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A Hit-Or-Miss Improv: Showtime Transforms A Successful Web Series Into A Full Fledged Sitcom
on April 20, 2012
Post-"Friends," Lisa Kudrow has made a career out of playing unlikable, narcissistic women who are oblivious to anything that doesn't directly involve them. I guess everyone needs a specialty, and no one is better at mining the humor out of an awkward situation than the fearless Kudrow. Her talent seems to be to place her character in the most uncomfortable situation possible and then leave her there, suffering and unable to extricate herself with any dignity intact. Admittedly this type of humor is not for everyone, but some will know exactly what I mean. When Kudrow appeared in the cutting HBO series "The Comeback," viewers didn't know exactly what to make of it and it didn't survive past the first season. At the time, I chose not to watch it--but last year, I gave it another try and found it a brilliantly incisive satire. So I wasn't going to miss her Showtime series "Web Therapy." Originally created with her pal Dan Bucatinsky, the idea came to life as a number of short webisodes (and has aired for four seasons in that format). The Showtime series takes the same premise, with the same central character, and expands it into a full 30 minute program.
Kudrow plays Fiona Wallice, a psychotherapist experimenting with a new form of treatment. Instead of 50 minute traditional encounters, she's boiled down her sessions to three minute exchanges via the Internet. That way, she figures, they can cut out all the extraneous nonsense and quickly get to the heart of the matter. As expected, Kudrow is both dismissive and self-involved when dealing with both her patients and her loved ones. Each of the ten episodes within Season One has 3-4 computer interactions (few of the actors share actual scenes together in person). Some of these sequences are straightforward therapy, some involve her family, some involve her efforts to fund the new business, and some are more personal in nature. There is a continuing storyline throughout the season, but much of the material can stand alone.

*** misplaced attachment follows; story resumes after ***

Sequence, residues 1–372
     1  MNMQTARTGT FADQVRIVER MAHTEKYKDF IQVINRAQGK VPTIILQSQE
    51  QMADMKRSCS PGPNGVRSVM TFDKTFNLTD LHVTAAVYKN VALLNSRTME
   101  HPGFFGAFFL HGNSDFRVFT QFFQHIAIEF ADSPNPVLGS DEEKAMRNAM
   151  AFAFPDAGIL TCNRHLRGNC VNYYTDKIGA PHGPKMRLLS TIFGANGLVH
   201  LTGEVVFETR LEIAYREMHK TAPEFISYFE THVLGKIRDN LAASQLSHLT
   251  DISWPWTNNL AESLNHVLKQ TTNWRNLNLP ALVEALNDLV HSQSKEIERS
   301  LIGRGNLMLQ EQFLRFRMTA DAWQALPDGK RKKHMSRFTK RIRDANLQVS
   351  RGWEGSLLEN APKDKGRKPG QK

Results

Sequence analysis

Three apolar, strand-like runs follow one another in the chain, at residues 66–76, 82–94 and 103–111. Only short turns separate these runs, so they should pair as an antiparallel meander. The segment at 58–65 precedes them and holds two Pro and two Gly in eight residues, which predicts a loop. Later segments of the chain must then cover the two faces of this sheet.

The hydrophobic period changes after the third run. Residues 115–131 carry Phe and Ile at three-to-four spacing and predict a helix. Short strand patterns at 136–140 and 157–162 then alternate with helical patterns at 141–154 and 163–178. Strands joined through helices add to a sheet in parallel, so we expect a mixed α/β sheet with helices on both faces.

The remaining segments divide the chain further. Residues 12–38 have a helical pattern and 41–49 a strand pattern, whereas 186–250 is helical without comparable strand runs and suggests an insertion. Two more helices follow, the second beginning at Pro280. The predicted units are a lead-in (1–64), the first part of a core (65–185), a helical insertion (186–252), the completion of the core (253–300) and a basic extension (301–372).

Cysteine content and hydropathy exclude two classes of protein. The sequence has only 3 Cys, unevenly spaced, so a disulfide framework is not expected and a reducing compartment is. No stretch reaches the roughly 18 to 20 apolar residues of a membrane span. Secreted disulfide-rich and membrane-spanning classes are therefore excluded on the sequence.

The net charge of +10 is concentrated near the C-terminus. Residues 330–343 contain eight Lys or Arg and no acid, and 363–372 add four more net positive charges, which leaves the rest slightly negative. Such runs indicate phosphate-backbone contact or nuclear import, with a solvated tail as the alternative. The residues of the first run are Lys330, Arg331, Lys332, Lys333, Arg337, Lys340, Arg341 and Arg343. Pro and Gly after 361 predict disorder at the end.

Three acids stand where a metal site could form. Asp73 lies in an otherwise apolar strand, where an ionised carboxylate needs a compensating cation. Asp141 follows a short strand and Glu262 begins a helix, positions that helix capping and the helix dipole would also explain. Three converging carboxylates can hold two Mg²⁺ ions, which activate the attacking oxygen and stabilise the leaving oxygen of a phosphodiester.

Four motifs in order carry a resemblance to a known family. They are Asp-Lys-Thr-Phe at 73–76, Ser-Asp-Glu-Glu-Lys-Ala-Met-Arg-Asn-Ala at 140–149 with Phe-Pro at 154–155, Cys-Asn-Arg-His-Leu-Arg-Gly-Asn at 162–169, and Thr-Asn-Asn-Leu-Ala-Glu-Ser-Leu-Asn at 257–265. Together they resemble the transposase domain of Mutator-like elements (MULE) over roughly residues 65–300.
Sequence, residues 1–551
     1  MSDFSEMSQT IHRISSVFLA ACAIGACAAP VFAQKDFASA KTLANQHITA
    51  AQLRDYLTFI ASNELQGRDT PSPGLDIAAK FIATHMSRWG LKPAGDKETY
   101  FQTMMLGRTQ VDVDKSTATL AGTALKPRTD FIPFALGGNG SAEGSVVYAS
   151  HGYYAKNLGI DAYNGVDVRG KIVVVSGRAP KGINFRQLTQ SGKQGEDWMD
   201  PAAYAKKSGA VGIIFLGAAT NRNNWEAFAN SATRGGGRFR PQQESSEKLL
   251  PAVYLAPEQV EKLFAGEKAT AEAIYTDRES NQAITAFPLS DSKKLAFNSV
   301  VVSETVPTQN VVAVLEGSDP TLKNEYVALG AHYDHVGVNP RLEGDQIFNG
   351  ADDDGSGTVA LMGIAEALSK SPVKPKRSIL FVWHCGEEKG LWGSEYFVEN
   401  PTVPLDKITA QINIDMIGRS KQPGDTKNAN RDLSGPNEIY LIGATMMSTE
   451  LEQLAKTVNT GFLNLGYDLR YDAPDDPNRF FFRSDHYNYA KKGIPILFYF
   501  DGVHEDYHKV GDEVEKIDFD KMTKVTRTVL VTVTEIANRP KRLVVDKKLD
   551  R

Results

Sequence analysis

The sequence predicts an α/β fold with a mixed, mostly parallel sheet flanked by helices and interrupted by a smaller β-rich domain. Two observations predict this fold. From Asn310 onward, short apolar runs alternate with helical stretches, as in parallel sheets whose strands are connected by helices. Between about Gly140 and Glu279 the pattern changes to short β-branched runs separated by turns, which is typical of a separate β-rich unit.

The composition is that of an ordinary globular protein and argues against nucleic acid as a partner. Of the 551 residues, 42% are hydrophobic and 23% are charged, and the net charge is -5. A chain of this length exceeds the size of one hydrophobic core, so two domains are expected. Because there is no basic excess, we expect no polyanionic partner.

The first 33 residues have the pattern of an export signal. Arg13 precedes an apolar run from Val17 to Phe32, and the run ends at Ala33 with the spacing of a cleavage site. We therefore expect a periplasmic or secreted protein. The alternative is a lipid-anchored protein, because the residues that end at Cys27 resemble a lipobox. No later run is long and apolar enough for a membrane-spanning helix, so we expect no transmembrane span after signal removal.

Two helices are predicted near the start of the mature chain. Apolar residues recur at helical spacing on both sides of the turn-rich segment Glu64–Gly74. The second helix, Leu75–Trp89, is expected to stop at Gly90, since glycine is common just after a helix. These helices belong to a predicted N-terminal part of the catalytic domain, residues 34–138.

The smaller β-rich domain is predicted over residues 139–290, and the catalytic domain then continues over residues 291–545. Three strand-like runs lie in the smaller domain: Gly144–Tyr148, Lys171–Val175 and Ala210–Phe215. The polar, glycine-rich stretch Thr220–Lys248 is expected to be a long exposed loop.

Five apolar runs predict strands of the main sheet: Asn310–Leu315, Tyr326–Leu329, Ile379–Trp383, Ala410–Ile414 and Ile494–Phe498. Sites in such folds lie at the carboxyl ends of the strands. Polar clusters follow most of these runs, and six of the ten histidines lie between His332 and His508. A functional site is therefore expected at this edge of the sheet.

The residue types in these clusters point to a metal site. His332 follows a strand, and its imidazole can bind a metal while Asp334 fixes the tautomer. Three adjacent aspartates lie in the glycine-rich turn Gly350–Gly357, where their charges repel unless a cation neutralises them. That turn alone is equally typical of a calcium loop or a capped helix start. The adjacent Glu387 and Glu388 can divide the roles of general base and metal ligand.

Part of the show's hook is that it is improvisational in nature. The actors are coming to their roles without set scripts and that keeps things lively. Kudrow has backed herself with plenty of familiar faces including Bucatinsky (as an illicit romantic interest), Rashida Jones (his new fiancee), Victor Garber (Kudrow's husband), Lily Tomlin (her mother), Jennifer Elise Cox (a daffy co-conspirator) and guest stars like Jane Lynch, Courteney Cox, and Steven Weber. Everyone seems game to spar with Kudrow, but some are definitely more successful at the experiment than others. At times, I don't know that the expanded time format has added much to the show. The webisodes were so quick and lively that when something stalled, it was quickly over.
In truth, I'd classify "Web Therapy" as distinctly hit-or-miss. Some episodes, I laughed more at the outtakes than I did at the actual program. But when it hits, it really scores. Kudrow has fashioned Fiona Wallice into another terrific character, one that I definitely want to follow. It is coming back for a second season, so hopefully the kinks will get worked out a bit. "Web Therapy" may not be for everyone, but its painful brand of awkward humor may well be irresistible to some (myself included). A lot of promise, but not entirely cooked quite yet. KGHarris, 4/12.